Consumers should check their freezer for recalled Blue Bell ice cream and other products.
Blue Bell Creameries, of Brenhan, Texas, announced Monday that the company is recalling all ice cream, frozen yogurt, sherbet and frozen snacks sold in 23 states
The company initially recalled a limited number of products in March 2015 after routine sampling by the South Carolina Department of Health found the bacteria Listeria monocytogenes. Expanded testing by the U.S. Food and Drug Administration and agencies in other states has found the bacteria in a variety of Blue Bell products, but the source of the contamination has not been identified or limited to a single production facility. Since that time, Blue Bell expanded the recall twice and finally, initiated a recall of all Blue Bell products on April 20, 2015.
According to the U.S. Centers for Disease Control, a total of ten patients infected with several strains of Listeria monocytogenes have been reported from four states. All ten patients were hospitalized. Three deaths were reported from Kansas within the last year. Three strains associated with these case patients have been identified in products manufactured at either the Blue Bell production facility in Broken Arrow, Okla. or Brehnam.
“We’re committed to doing the 100 percent right thing, and the best way to do that is to take all of our products off the market until we can be confident that they are all safe,” said Paul Kruse, Blue Bell CEO and president. “We are heartbroken about this situation and apologize to all of our loyal Blue Bell fans and customers. Our entire history has been about making the very best and highest quality ice cream and we intend to fix this problem. We want enjoying our ice cream to be a source of joy and pleasure, never a cause for concern, so we are committed to getting this right.”
Of Blue Bell’s production facilities in Brenham, Broken Arrow and Sylacauga, Ala., only the Broken Arrow facility remains closed at this time.
“At every step, we have made decisions in the best interest of our customers based on the evidence we had available at the time,” Kruse said. “At this point, we cannot say with certainty how Listeria was introduced to our facilities and so we have taken this unprecedented step. We continue to work with our team of experts to eliminate this problem.”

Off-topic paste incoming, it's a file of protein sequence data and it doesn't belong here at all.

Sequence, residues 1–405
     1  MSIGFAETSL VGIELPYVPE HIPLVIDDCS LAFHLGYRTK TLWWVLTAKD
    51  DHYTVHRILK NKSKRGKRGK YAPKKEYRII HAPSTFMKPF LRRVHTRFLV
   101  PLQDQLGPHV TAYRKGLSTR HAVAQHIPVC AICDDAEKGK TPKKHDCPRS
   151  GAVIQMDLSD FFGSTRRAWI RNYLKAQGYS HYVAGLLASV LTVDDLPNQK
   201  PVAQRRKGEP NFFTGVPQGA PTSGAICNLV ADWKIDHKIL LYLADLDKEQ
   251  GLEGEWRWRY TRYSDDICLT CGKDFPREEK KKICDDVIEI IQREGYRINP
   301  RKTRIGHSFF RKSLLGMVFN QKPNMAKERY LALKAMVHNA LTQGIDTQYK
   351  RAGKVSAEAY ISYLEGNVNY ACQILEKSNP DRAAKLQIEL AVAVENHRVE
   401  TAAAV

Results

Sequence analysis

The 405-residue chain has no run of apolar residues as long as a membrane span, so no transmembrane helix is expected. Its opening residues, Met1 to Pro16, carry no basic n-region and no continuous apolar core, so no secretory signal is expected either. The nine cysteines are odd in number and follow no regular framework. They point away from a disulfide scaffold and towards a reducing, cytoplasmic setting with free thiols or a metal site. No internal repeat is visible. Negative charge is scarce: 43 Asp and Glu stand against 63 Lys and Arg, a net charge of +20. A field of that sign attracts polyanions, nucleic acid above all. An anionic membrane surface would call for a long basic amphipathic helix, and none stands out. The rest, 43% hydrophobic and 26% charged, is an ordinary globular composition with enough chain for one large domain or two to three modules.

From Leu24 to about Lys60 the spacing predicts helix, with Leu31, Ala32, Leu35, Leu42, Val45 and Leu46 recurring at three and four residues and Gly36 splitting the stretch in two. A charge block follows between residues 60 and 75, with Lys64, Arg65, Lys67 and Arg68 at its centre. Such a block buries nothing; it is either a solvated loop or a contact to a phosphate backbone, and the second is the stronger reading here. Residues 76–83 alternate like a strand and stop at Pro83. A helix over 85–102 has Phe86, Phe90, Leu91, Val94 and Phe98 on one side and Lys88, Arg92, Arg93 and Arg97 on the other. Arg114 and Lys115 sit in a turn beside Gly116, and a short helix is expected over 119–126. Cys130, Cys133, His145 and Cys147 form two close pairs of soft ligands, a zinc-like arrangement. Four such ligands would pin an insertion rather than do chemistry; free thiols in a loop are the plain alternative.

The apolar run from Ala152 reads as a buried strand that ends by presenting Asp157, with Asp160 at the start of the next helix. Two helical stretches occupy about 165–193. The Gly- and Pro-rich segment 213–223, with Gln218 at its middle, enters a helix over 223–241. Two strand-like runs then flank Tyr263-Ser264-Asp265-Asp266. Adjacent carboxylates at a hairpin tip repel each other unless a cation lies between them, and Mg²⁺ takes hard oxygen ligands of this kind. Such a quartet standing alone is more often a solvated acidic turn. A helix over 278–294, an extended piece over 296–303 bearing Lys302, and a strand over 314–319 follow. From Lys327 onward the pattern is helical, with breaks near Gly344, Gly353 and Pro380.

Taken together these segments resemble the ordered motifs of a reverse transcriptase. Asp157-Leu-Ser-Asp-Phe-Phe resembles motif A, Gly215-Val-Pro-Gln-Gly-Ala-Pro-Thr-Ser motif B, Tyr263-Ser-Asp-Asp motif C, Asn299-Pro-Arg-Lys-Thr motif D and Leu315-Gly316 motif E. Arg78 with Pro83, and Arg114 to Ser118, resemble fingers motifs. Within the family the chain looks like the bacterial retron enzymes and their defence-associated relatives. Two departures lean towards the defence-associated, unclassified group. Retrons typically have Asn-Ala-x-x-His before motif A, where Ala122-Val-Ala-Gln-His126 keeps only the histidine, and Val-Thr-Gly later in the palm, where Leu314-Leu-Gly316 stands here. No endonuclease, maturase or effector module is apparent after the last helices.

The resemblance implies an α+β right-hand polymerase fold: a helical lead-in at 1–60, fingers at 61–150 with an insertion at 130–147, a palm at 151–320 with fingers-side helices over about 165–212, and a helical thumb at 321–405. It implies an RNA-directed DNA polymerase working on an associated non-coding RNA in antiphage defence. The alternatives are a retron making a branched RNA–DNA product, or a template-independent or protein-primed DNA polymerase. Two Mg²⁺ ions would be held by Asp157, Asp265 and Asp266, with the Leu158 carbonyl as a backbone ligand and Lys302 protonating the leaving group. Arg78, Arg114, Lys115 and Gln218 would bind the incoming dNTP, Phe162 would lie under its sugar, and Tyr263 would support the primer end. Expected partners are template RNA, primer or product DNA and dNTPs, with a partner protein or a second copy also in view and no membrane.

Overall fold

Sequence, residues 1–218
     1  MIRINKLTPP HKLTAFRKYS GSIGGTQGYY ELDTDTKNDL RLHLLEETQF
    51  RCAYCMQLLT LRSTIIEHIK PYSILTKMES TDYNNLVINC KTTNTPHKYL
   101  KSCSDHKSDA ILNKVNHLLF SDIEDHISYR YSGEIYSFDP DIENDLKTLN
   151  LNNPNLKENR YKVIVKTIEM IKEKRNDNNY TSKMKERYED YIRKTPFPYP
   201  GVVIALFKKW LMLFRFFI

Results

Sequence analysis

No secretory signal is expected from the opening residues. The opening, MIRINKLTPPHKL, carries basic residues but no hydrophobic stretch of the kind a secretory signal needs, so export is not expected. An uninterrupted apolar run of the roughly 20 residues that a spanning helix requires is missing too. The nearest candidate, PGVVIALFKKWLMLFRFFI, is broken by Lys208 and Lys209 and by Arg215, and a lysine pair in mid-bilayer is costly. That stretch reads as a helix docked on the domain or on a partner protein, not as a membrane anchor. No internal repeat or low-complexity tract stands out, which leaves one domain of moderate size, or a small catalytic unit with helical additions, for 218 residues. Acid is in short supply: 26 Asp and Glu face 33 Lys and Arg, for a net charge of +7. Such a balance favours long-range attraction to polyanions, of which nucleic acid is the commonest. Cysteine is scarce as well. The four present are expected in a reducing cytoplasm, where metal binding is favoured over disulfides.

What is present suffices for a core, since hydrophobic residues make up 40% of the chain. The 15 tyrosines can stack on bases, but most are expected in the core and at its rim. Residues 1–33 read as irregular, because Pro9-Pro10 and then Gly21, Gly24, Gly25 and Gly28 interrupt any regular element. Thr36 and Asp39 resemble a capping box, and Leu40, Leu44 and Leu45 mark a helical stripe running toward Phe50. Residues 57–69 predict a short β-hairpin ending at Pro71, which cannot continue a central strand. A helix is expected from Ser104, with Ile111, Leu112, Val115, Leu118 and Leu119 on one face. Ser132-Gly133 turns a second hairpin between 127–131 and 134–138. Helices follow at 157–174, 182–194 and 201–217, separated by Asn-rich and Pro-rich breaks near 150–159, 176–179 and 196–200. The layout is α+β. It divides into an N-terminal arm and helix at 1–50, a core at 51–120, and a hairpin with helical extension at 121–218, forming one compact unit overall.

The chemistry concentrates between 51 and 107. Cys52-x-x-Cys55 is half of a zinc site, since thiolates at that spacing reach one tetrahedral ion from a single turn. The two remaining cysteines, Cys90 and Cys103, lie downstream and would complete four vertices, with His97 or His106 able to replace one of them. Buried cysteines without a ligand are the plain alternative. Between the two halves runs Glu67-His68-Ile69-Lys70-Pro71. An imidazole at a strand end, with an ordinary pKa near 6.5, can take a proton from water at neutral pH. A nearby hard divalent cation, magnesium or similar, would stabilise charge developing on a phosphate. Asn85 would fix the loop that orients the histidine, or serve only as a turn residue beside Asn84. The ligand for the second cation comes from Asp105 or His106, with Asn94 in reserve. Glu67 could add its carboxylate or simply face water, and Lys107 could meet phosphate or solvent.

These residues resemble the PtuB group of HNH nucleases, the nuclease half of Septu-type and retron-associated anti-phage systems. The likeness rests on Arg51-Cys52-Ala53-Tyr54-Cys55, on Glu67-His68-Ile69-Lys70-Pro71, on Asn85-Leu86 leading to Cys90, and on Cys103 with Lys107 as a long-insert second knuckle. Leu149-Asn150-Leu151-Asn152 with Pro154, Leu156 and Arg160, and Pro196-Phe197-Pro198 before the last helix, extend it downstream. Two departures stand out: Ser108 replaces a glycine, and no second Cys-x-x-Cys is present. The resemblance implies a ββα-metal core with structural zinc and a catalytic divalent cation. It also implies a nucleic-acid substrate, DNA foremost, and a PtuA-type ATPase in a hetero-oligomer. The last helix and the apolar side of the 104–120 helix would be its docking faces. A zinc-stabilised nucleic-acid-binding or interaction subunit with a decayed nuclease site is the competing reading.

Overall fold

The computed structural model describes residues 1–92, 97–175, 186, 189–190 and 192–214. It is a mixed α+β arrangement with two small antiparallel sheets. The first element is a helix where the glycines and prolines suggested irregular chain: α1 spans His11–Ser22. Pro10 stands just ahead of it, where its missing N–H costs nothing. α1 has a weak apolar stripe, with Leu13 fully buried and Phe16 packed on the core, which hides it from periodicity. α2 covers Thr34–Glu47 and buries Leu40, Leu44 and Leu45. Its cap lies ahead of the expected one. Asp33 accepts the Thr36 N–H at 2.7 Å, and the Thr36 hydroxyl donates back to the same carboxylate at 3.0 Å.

Blue Bell Creameries says it is instituting a “test and hold” system in which all products will be tested and determined safe prior to going to market, as well as stepping up sanitation of equipment and providing additional employee training.
Consumers should discard or return to the place of purchase for a refund any recalled Blue Bell products. They should not consume any recalled Blue Bell products, even if part of the product was previously consumed without onset of illness.
The FDA also advises consumers to thoroughly clean refrigerators, surfaces or utensils that may have come in contact with recalled Blue Bell products.
“Wash the inside walls and shelves of the refrigerator, cutting boards and countertops; then sanitize them with a solution of one tablespoon of chlorine bleach to one gallon of hot water; dry with a clean cloth or paper towel that has not been previously used,” the FDA directed.
Institutions and restaurants serving Blue Bell products, and retailers who sell the products direct to consumers, are also being told to undertake certain sanitation procedures.
Consumers with questions may call Blue Bell Creameries 1-866-608-3940.